Changes between Version 11 and Version 12 of petconpaper

Feb 27, 2009 2:29:37 PM (10 years ago)



  • petconpaper

    v11 v12  
    1717Here we document the algorithms used in I2P's peer profiling and selection, discuss the strengths and weaknesses of the system, and describe opportunities for future work. We write this paper in the hope that it will be useful for guiding improvements in I2P and other anonymous networks with similar features.
    2021<h2>Overview of I2P</h2><ul> - echelon does this part
    80 </p>
     83<h2>Tunnel Overview</h2>
     85The tunnels used to transmit all data between the peers are divided into two
     87- client tunnels
     88- exploratory tunnels
     90The client tunnels transports all user generated data like IRC, webpages, code,
     91peer to peer data or any other client transmitting data throught I2P. These
     92tunnels are usual high bandwith and can reach up to 200 kbyte/sec.
     94Exploratory tunnels are low bandwith tunnels used for managing the network.
     95Beside tunnel tests and netdb queries these tunnels are used to build up the
     96client tunnels. Especially the exploration of other peers is the main job of
     97this tunnel class. This will be described further down.
     99Each service in I2P has a destination as a representation of the location to
     100reach the service. Examples are servers like eepsites (the I2P internal webpages),
     101monotone server, IRC server or audio streaming servers, and the clients have
     102a destination as a return address, e.g. IRC clients, bittorrent clients, monotone
     103clients or else. Servers got stable destinations while clients destination are
     104created new on every start.
     106Each destination have a associated set of tunnels to transport the data. The
     107application and/or user can control the specs of the tunnels:
     108- distance: 0-2 peers in between
     109- variance: a variance of 0-2 peers added/subtracted on random base
     110- quantity: up to three tunnels can be setup and data is distributed on them
     111- backup: built 1-2 backup tunnels in case of original tunnels die unexpected
     113To provide anonymity of the destinations, the route from a client to server
     114is devided into two tunnels: the outgoing tunnel, controlled by the client, and
     115the incoming tunnel, controlled by the server.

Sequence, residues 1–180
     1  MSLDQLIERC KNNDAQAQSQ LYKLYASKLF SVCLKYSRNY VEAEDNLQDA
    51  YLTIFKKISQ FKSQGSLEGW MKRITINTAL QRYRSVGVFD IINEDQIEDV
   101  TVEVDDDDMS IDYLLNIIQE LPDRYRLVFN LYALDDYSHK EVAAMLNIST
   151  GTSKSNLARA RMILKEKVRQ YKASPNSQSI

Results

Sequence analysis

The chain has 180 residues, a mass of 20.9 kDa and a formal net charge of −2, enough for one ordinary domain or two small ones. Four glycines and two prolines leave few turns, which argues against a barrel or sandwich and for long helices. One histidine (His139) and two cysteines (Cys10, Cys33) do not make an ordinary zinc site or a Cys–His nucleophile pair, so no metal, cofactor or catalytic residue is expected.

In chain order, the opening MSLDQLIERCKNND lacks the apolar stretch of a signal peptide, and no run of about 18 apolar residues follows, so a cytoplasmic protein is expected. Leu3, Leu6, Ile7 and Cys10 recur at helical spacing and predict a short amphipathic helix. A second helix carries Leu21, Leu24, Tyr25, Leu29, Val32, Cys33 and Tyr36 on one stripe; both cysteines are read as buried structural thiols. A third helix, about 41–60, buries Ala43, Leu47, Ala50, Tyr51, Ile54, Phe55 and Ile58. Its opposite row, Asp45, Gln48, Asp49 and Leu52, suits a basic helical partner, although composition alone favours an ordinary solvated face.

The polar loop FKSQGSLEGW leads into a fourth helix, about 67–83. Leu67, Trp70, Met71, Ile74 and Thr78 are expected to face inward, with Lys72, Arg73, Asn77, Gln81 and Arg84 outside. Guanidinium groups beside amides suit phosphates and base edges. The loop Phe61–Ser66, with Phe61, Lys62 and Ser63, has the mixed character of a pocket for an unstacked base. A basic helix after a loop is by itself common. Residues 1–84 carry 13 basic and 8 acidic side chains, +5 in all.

116The connection between these two tunnels is direct, the endpoint of the outgoing
     117tunnel connects direct to the inpoint of the incoming tunnel.
     118This setup allows every participant to control its security and anonymity level
     119for himself by setting the distance and variance for his tunnels.
     121Each client select the peers with which it builds his part of the tunnel by
     122himself, based on the rating described further down.
     123In this tunnel building process the strict ordering within a tunnel is obeyed,
     124two or more I2P peers within the same subnet (/24,/16) cannot be used within the
     125same tunnel, which prevents the predecessor attack.
     127To secure the tunnels  and the route from client to server further more, each
     128tunnel in I2P has a fixed lifetime of 10 minutes and will be discarded after
     129this time. A new tunnel will be created before the existing one will timeout.
     130Until the old tunnel times out, data will be sent on all existant tunnels (
     131associated to the specific destination).
     133Peers can reject or drop tunnel build requests send by other peers due to a lot
     134of reasons (overload, shutdown in progress, limit reached, out of sync).
     135Even within lifetime of a tunnel these can be discarded due to overload or
     136unexpected shutdown of one of the peers in the tunnel. To prevent a breakage
     137of the destination, each tunnel is tested on a periodic base for funtion. This
     138creates more or less 1 kbyte/minute traffic, which is considered low bandwith.
     140The client tunnels on a peer are sorted into different classes:
     141- application tunnels: the tunnel starts or ends in this peer, binded to a
     142  server or client on the peer
     143- participating tunnels: this peer is a member in one of the in/outgoing tunnels
     144  and the participating tunnels reach in from a peer and is reached through to
     145  another peer.
     146  Three cases can be devided: endpoint of outgoing tunnel, inpoint of incoming
     147  tunnel, and pure participating tunnel
    81150<h2>Tunnel Overview</h2><ul> - echelon will do this part